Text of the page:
3. ^ US Department of Labor, Office of Labor-Management Standards. File number 000-078. Report submitted June 27, 2014.
  4. ^ WGAW Annual Report to Writers
  5. ^ a b US Department of Labor, Office of Labor-Management Standards. File number 000-078. (Search)
  6. ^ "WGAw website historical timeline". Retrieved 18 September 2017.
  7. ^ Spitzer, Gabriel (2001-01-15). "Ouch! Remembering the 1988 writers' strike". Media Life Magazine. Retrieved 2007-11-02.
  8. ^ Bates, James (7 January 2004). "Writers Guild Chief Resigns Under Pressure". Retrieved 18 September 2017 – via LA Times.
  9. ^ "The last bastion: infiltrating the ranks of executives and creatives is the current challenge for African-Americans in the entertainment industry.(NAACP Image Awards)(National Association for the Advancement of Colored People) - HighBeam Business: Arrive Prepared". business.highbeam.com. Archived from the original on 17 December 2014. Retrieved 18 September 2017.
  10. ^ "Writers Guild of America West". Retrieved 18 September 2017.
  11. ^ Littleton, Cynthia; Donnelly, Matt (2019-04-17). "GA Sues Talent Agencies in Battle Against Packaging Fees". Variety. Retrieved 2019-06-29.
  12. ^ a b Donnelly, Matt (2019-04-22). "Writers Guild Says Over 7,000 Members Have Fired Agents". Variety. Retrieved 2019-06-29.
  13. ^ Ingber, Sasha (2019-04-13). "'Uncharted Waters': Union Tells Hollywood Writers To Fire Their Agents". NPR.org. National Public Radio. Retrieved 2019-06-29.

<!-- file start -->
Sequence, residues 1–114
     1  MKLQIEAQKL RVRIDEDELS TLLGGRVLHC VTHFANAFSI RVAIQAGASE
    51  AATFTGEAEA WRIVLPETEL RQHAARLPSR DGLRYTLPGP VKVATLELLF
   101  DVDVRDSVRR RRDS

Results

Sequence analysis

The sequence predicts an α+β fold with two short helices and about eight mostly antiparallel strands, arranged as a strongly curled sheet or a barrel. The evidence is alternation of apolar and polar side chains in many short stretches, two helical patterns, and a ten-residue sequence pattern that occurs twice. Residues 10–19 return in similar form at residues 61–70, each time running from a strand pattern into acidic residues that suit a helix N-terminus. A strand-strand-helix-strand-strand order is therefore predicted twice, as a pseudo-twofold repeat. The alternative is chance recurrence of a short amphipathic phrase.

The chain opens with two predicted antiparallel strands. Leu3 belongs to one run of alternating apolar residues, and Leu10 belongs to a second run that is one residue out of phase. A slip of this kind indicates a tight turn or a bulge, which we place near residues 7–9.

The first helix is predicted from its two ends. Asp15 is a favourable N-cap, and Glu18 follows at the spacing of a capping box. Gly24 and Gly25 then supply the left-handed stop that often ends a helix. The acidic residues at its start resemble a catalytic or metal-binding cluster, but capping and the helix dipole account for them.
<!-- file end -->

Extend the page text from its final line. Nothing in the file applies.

14. ^ Holland, Lila (2005-07-08). "The writers of reality TV sue for rights". TV.com. Retrieved 2006-10-12.
  15. ^ T (pseudoanonymous), N (2005-07-08). "A "Reality Slap" in the Face". WGAW. Retrieved 2007-11-05.
  16. ^ Lowry, Bryan (2007-10-30). "WGA Baits but Switches on Reality". Variety. Retrieved 2007-11-05.
  17. ^ Booth, William (2004-08-10). "Reality is Only an Illusion, Writers Say". Washington Post. Retrieved 2007-11-05.
  18. ^ Grossman, Ben (2006-09-20). "WGA's Verrone: "Every Writer Must Have a WGA Contract"". Broadcasting & Cable. Retrieved 2006-09-24.
  19. ^ Benson, Jim (2006-11-07). "Top Model Takes Strikers Off Payroll". Broadcasting & Cable. Retrieved 2006-11-09.
  20. ^ Britt, Russ (2007-11-02). "Writers Guild calls strike; walkout may start Monday". CBS MarketWatch.com. Retrieved 2007-11-02.
  21. ^ "Officers and Board of Directors". Writers Guild of America West. Retrieved November 26, 2022.
  22. ^ "about". Writers Guild Theater. Retrieved 29 September 2022.
  23. ^ "Frequently Asked Questions". Writers Guild Theater. Retrieved 29 September 2022.